Friday, April 27, 2012

Ambush Bug Eggs

My son noticed some tiny Ambush Bugs... freshly hatched from their unusual-looking egg mass.  This interesting event was transpiring on a Sassafras sapling out on the mountain where we were looking for Native Azaleas (the lavender blurs in the background of the picture below).
I did manage to snap a photo of some of the Ambush bug nymphs shortly after they hatched, but before they went off to explore the big, wide world.
The nymphs congregated on the young leaves at the branch tips.  Soon the Sassafras will put out some flowers, where I suspect, the Ambush Bugs will hide in ambush for some insects visiting the flowers.
 The nymphs were so small they were taxing my camera lens' ability to take nice photos.  Even so, the nymph's nasty-looking armor is visible.  Notice the extra stout foreleg typical of the ambush bugs.
 We were fascinated with the ambush bug's eggs... they look like miniature pint milk jugs covered in foam. 
As I was writing this post, my son looked over my shoulder and noticed the whitish pupal skins (shed when the nymphs hatched) remaining in the open hatches.  He said, "Neeeat, you should pull one out with a tweezers and get a picture of it!"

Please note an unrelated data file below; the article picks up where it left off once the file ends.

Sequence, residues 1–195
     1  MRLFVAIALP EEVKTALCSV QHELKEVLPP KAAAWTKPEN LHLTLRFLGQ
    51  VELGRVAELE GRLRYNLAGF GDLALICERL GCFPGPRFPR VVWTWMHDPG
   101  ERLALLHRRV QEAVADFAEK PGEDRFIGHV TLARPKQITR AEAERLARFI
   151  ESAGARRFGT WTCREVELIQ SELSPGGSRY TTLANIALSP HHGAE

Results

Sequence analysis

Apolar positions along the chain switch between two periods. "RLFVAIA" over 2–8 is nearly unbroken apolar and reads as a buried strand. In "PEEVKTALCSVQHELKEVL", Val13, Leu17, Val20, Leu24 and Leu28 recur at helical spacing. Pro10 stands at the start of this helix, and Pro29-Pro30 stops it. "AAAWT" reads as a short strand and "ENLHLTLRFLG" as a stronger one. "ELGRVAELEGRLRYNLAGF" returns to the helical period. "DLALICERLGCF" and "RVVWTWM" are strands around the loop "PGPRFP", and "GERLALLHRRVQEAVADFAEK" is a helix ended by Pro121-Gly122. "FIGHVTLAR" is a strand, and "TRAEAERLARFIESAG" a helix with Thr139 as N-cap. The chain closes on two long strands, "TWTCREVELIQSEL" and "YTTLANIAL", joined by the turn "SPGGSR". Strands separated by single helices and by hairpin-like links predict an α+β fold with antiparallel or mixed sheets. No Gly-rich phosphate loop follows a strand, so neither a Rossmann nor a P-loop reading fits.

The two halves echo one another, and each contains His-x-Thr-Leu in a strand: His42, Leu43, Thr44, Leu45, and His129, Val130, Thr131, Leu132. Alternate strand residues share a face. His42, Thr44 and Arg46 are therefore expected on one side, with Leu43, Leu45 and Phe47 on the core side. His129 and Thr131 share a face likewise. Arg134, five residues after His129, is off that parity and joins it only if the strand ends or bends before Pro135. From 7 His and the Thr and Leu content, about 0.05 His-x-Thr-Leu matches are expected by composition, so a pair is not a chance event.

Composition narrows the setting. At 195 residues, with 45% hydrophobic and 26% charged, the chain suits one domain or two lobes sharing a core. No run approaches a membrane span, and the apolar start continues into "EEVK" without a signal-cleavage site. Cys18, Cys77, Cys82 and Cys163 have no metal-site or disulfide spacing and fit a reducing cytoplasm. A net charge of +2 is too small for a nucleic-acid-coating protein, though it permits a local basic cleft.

Slight problem... the tweezers would probably cover most of the view (it's a view through a hand lens)... so it's best to leave the cast-off skins the way they are... they are so symbolic of the drama happening in hidden world around us.
I guess there is a little extra "Joy in the Journey" with a hand lens in your pocket.

2 comments:

  1. These shots are amazing Dana.

    I keep forgetting to take my hand lens out with me. Thanks for the reminder.

    Our purple azaleas are starting to bloom here in Nova Scotia too.

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    Replies
    1. Sybil,
      Thanks!
      Want to see these amazing eggs and nymphs photographed with the proper equipment and skills? Check out www.kuhnphoto.net/search-page and search for "ambush bug eggs".
      We have several species of native azaleas here in Pa. I'll post about them soon. Some of them you can find by smell.. some of them aren't very fragrant. Do you have more than one species in your area?

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